With all the constitutional amendments and new laws India has instituted in Kashmir especially since 5 August last year, the Palestinian case is often invoked to find the parallelism of how this sounds like the beginning of settler colonialism. The recent developments that highlight this process are, on the contrary, a further deepening and expansion of a matrix of control characteristic of such a project, duly aided through laws, to ensure the eventual elimination of the native.

The Jammu and Kashmir administration’s order to withdraw a 1971 circular that made it mandatory for the Indian Army, the Border Security Force and the Central Reserve Police Force to obtain a “no objection certificate” to acquire land in the region is also seen as part of a settler colonial project. Not only has the decrees evoked a sharp reaction among locals, which have long feared Delhi’s forceful integration of the restive region with the Indian union, but observers are also accusing Modi’s right-wing dispensation of using the Covid-19 pandemic to advance its Hindu settler colonial enterprise in the region, saying it is a page right out of the Israeli playbook to transform the region’s demographics. United Kingdom-based Kashmiri lawyer Mirza Saaib Bég argues that “J&K’s demography is bound to be altered beyond belief. And at a speed so astonishing that the procedure for issuing a domicile certificate will seem, unfortunately, a quasi-colonial project”.

Around 400 thousand people have been granted domicile certificates in Indian-administered Kashmir till July, 2020 proving right the fears of the beginning of demographic changes in the Muslim-majority Himalayan region. The certificate, a sort of citizenship right, entitles a person to residency and government jobs in the region, which till last year was reserved only for the local population. “The whole purpose of revoking Article 370 was to settle outsiders here and change the demography of the state. Now this provides the modalities and entitles so many categories of Indians whose settlement will be legalised over here.” – Kashmiri law professor and legal scholar Sheikh Showkat Hussain (Al Jazeera, April 1, 2020).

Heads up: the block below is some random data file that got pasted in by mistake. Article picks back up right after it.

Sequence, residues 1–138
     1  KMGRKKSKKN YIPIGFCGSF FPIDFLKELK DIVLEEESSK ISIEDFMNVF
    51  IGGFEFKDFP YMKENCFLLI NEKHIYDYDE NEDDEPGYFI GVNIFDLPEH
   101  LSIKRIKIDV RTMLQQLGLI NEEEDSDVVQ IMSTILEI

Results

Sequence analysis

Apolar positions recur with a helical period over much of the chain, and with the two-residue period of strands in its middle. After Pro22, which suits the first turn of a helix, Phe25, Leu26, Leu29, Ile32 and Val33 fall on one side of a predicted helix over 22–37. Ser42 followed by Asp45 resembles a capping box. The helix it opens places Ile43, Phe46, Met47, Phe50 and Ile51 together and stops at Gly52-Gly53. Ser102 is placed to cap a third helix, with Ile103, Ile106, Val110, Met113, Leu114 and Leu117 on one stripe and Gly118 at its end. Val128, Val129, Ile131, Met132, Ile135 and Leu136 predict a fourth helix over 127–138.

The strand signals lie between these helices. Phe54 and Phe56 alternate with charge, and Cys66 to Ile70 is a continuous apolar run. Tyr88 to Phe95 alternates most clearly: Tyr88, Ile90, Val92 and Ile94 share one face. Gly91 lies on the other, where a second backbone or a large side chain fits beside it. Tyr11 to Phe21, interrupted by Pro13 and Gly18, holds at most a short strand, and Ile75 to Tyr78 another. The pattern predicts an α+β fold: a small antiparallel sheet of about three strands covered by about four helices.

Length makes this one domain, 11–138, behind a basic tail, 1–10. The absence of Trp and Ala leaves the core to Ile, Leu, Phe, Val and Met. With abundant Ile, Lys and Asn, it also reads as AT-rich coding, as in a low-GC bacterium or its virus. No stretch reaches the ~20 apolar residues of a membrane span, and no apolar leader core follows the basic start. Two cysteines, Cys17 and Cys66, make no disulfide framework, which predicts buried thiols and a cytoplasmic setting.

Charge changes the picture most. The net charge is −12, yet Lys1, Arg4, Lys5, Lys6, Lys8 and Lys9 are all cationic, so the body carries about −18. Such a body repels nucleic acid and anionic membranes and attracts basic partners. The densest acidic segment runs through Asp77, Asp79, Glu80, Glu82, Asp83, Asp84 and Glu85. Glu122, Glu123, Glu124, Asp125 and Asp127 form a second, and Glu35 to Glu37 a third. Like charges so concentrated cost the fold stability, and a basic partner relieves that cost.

Democratic presidential hopeful Joe Biden said, “India should take all necessary steps to restore the rights of all the people of Kashmir.” He also asserts “Restrictions on dissent, such as peaceful protests or shutting or slowing down the internet weakens democracy,” in a policy paper posted on his website. Pakistan’s ministry of foreign affairs said in a statement that India’s latest step was a vindication of the country’s “consistent stance that the major intention behind the Indian Government’s illegal and unilateral actions of 5 August 2019 was to change the demographic structure of Indian Occupied Jammu and Kashmir and turn Kashmiris into a minority in their own land”.

“This has long been part of the RSS-BJP’s ‘Hindutva’ agenda,” the statement added.

An  Indian Consul General in New York, Sandeep Chakraborty’s recent call for the ‘Israel model’ in Kashmir should ring alarm bells for the Muslim world. He flagrantly asserted “I don’t know why we don’t follow it. It has happened in the Middle East. If the Israeli people can do it, we can also do it,” Chakravorty said.

Kashmiris on Twitter were quick to call out Al-Jazeera, accusing them of “promoting settler colonialism”. The social media users were mainly drawing a parallel with expansionist or colonial settlements of Israeli Jews in Palestine or of Han Chinese in Xinjiag to forcibly settle and diffuse indigenous identity.

Tailpiece:

Kashmir is transformed into an open prison where the state works with a self-proscribed impunity to confiscate or mitigate basic universal rights, while the Indian state is trying to entice assimilatory participation of the common people. That territory-wide control by the state and its various institutions is countered through years of survival, persistence and resistance against the state’s operations over Kashmiri lives.

One inevitable fact that successive union governments since India’s first Prime Minister Jawaharlal Nehru have arrogantly with military highhandedness ignored is the political question of Kashmir. The recent political expedition of the Indian government in Kashmir paradigmatically problematized the political destiny of Kashmir and future of Kashmiris. Even in the 21st century globalized world, in the middle of a global pandemic, 8 million people are denied access to education, livelihood, entertainment, and health respite via a medium that has become an essential service for the rest of the world.